The Sea Pines Resort,
32 Greenwood Dr,
Hilton Head Island,
South Carolina (SC) 29928,
- +1 800 925 4653
15 miles SE of Charleston
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Pete Dye and Jack Nicklaus
Harbour Town Golf Links is the best of the three outstanding courses at the Sea Pines Resort and Pete Dye and Jack Nicklaus designed it.
Home to the annual Heritage Classic (now called the RBC Heritage), Harbour Town opened for play in 1969 and it has remained in the top echelons of resort golf ever since. The course is laid out on relatively flat ground with the fairways flanked by pines. The smallish greens are very fair and not tricked up in any way.
With a wonderful closing hole, it’s likely that Harbour Town will remain lodged in the memory for years. The 18th is a brutish par four which measures 478 yards from the tips. A solid drive on the line of the lighthouse will find the landing area which juts out into the Calibogue Sound. The lighthouse here at Harbour Town reminds us of a jollier version of the other famous lighthouse at the fabulous Turnberry Resort in Scotland.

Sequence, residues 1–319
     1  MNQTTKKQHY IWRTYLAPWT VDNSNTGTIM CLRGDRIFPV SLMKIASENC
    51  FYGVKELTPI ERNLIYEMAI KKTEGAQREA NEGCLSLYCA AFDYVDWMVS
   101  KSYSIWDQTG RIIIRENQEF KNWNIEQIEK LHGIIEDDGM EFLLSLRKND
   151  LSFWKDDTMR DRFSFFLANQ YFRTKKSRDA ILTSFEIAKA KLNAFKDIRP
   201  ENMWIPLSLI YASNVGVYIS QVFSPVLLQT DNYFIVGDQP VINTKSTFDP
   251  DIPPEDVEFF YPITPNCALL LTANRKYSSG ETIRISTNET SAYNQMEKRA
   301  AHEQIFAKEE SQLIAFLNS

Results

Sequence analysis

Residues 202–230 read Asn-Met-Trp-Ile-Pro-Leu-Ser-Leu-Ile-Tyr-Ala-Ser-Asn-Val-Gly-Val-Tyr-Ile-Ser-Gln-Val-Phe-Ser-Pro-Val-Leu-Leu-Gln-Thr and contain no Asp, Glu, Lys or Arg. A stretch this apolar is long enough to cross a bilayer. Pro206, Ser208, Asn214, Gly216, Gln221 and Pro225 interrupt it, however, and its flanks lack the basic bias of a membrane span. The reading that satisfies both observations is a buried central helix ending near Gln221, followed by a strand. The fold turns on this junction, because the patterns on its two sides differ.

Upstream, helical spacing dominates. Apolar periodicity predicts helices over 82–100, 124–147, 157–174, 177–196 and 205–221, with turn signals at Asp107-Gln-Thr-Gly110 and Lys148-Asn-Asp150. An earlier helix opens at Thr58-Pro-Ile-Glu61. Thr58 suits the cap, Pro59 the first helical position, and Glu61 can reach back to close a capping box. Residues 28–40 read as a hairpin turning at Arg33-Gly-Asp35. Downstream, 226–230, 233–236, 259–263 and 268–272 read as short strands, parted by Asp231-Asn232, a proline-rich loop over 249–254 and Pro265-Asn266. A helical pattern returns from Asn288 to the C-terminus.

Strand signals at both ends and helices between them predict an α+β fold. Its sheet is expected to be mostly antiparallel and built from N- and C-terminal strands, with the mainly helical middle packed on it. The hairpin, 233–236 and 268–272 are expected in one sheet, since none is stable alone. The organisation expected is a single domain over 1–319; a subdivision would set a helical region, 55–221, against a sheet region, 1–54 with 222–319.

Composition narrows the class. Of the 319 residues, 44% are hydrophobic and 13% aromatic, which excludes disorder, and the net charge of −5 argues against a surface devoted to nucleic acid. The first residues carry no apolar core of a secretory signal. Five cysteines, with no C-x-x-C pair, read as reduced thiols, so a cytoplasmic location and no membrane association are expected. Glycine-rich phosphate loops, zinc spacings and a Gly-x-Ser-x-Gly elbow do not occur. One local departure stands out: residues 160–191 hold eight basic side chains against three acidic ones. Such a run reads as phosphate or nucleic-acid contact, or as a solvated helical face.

A parkland championship course located on an island seriously full of golf courses and at a resort (Sea Pines) which has three courses of its own. The course is the annual home of the PGA Tour stop for the Heritage Classic. Quite a tight course and with small greens which place a premium on accuracy for decent scoring. The feature hole is the 18th, but my favourites were the relatively short par 4 13th with it's horse-shoe shaped bunker and the dog-leg left 16th, again with a giant bunker asking the approach shot to be bold. Other high points were seeing the spanish moss hanging from the old branches (a first for me in real life rather than just the zoom-in on TV!) and the quality of the conditioning.
But there's just a bit too much sameishness with the narrow holes, overhanging branches and small greens, especially on the front nine, to make this a full 6-ball course for me.